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The existence of characters in Joyce’s dream world of Finnegans Wake rarely proves their singular presence in the text. As readers we are led to incorporate different characters into our interpretation of any one character; the temporal and historical circularity of the Wake is then personified in a whirlpool of characterization. Comprising both the motion and consistency of this whirlpool, Anna Livia is most certainly the nexus of activity for the otherwise sleepy Earwicker narrative. Yet, recognizing the textual motion of both the character and concept of ALP, (or even simply the potential for signifying motion within the text) as the imperative force of the Wake destabilizes the relationship between reader and text and redefines the way we generate meaning, the way we read, analyze and write. The experience of such recognition can often be uncomfortable; Joyce’s evocation of textual nonlinearity within the Wake is intensely present for the reader in a way that it is not in many other twentieth-century novels, especially in its embodiment of both the political history of Ireland and the aesthetics of that history. In the discussion that follows, I will suggest that the discomfort of reading the Wake is a generative process that typifies not only the function of writing and why we continue to write about books like Finnegans Wake, but also the interminable continuation of the discursive archive, which manifests in the Wake as both a reproductive, memorializing motion and an impotent, often destructive representation of memory. I employ the concept of archive in this reading to signify not only the literal collection of information in the Wake, but, more importantly, the powerful aesthetic experience that the consumption of that information may engender. As Carolyn Steedman articulates, this experience is at once historical, linguistic, and political: “In a proper and expanded definition of ‘archive’ this system of recording (listing in particular), storage and retrieval, is an aspect of the history of written language, and the politics of that history.” Joyce’s text, particularly in the Anna Livia chapter, embodies simultaneity both in its story, riddled with the dreaming language of portmanteau, and in its engagement with the very system that lends order to all forms of storytelling, historical, political, or otherwise: the archive.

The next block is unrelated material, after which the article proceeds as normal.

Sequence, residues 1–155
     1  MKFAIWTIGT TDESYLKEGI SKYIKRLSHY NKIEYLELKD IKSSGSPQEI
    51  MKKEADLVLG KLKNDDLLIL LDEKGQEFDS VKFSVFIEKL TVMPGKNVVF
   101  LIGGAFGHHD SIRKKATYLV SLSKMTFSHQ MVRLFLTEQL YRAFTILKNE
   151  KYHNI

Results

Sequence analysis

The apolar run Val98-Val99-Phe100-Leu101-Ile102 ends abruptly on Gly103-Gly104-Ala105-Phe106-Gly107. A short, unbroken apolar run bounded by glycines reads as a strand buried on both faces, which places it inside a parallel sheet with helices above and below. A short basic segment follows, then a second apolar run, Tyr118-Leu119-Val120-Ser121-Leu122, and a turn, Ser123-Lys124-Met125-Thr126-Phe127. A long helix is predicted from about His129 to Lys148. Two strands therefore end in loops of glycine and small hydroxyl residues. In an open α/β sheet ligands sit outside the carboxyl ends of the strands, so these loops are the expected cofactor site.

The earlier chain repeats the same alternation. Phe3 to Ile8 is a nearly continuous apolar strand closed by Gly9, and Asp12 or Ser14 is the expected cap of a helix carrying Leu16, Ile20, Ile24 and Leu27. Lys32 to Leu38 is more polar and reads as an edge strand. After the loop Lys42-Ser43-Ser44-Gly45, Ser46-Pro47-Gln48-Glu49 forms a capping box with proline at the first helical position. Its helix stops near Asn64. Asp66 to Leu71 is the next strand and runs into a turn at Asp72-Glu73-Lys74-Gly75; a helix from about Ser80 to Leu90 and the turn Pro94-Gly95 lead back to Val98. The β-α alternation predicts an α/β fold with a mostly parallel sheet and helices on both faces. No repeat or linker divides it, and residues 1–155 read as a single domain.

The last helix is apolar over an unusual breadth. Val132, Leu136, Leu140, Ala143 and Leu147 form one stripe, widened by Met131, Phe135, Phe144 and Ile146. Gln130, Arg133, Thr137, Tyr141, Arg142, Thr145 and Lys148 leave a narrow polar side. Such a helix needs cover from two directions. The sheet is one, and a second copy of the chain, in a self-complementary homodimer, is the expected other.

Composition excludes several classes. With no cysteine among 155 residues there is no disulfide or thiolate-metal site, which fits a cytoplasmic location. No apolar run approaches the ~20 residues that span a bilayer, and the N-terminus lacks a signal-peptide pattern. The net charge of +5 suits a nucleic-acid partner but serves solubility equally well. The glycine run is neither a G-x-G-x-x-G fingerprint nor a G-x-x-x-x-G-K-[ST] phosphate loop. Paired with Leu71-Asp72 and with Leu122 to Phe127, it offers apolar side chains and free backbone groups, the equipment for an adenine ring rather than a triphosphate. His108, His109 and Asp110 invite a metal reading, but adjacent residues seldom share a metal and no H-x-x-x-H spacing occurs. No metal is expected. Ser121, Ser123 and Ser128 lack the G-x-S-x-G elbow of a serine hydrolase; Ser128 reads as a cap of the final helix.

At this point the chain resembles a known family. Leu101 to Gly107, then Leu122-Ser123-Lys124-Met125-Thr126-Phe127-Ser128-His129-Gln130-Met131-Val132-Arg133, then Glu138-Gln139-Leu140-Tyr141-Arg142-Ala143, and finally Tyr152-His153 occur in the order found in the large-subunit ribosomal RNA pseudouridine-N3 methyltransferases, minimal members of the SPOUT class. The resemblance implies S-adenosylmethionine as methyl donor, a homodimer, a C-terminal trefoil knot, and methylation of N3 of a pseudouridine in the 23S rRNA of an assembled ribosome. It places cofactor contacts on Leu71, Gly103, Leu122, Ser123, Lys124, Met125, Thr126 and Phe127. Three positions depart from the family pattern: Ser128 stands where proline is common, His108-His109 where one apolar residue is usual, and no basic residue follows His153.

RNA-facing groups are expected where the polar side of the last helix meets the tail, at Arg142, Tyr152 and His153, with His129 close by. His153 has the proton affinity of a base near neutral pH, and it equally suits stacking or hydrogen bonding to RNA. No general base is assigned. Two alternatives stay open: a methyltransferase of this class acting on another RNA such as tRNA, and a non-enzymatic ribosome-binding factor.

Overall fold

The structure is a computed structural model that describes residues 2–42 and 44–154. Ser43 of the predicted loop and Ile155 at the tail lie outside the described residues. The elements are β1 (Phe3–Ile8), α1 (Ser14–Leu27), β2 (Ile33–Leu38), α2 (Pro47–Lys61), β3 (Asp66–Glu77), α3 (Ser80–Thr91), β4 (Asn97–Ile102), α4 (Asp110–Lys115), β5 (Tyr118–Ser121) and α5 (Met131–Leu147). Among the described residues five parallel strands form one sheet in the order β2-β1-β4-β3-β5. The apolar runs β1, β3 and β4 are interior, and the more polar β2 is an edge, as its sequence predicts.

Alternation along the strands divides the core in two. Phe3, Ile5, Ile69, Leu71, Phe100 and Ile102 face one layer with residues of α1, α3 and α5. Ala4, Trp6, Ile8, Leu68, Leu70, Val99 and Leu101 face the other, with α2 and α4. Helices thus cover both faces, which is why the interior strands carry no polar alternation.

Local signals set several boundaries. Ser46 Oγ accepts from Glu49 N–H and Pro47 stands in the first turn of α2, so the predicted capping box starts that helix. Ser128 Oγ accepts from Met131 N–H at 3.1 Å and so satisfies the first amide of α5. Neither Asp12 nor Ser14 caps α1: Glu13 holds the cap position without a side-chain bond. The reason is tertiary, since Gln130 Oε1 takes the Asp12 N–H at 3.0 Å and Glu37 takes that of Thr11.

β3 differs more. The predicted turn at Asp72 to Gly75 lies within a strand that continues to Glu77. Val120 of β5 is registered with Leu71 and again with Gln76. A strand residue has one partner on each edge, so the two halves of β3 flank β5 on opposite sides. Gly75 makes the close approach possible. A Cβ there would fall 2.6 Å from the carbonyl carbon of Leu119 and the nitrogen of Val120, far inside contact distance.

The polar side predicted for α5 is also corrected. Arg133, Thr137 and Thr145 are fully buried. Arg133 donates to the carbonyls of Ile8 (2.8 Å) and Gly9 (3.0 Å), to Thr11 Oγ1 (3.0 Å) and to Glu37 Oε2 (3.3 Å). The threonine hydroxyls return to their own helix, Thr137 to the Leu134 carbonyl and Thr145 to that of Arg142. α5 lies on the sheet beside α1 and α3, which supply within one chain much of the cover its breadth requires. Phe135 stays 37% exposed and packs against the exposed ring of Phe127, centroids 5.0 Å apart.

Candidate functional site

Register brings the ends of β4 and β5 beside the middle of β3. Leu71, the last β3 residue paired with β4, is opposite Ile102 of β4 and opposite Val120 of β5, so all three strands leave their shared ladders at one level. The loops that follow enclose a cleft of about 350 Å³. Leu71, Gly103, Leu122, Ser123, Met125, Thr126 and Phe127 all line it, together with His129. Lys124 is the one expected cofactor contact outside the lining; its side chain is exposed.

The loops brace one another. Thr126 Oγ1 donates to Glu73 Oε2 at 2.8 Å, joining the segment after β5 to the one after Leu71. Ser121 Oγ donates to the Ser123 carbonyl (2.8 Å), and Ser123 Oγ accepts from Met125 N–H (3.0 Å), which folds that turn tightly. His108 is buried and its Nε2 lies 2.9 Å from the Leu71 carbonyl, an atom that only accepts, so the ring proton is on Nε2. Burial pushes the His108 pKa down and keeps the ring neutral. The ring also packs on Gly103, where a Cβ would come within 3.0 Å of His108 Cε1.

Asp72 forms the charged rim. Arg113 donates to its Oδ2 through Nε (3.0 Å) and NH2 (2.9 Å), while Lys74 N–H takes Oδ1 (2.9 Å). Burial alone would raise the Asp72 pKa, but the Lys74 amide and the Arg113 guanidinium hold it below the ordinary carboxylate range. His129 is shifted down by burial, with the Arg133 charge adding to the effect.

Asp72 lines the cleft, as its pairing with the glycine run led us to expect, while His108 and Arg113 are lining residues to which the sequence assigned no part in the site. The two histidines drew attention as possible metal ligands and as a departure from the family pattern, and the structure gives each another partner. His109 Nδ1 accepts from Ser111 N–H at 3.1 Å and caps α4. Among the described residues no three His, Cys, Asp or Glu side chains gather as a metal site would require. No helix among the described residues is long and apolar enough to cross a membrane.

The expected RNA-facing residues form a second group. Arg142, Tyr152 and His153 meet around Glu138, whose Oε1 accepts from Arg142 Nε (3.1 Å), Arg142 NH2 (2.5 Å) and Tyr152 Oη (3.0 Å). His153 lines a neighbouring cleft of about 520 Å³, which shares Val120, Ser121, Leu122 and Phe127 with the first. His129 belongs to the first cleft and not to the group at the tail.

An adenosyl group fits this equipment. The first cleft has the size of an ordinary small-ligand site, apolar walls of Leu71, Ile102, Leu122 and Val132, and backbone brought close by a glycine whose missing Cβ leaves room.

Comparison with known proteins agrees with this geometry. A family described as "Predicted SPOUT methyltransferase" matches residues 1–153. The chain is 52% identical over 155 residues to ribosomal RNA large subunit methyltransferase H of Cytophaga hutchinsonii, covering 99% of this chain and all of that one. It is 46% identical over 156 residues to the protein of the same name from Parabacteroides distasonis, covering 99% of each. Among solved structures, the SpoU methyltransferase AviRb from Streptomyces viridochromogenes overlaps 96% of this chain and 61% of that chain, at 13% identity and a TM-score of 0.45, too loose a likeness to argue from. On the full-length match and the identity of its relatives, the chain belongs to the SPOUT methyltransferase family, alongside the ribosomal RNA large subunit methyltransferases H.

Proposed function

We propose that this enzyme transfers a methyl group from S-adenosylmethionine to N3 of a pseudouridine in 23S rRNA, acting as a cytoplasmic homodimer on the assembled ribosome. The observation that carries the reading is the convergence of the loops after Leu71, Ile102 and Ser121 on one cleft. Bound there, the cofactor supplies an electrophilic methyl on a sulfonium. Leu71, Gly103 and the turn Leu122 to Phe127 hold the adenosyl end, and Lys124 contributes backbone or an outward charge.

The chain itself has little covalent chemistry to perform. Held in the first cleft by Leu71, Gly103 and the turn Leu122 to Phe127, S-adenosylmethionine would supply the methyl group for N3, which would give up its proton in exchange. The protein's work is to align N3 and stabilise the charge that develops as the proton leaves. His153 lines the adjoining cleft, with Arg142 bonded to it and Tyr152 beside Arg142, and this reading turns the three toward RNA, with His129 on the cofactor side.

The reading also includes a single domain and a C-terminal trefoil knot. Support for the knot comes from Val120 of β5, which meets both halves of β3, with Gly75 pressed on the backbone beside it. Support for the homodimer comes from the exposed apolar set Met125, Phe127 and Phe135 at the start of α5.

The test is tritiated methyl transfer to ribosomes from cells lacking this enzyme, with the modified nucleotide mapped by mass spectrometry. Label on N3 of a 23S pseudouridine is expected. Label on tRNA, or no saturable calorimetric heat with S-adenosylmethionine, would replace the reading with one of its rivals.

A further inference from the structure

Original Citation

Scheible, E. (2014). “Call Her Calamity Electrifies Man”: ALP and the Movement of Archive in Finnegan’s Wake. Hypermedia Joyce Studies. 13(1).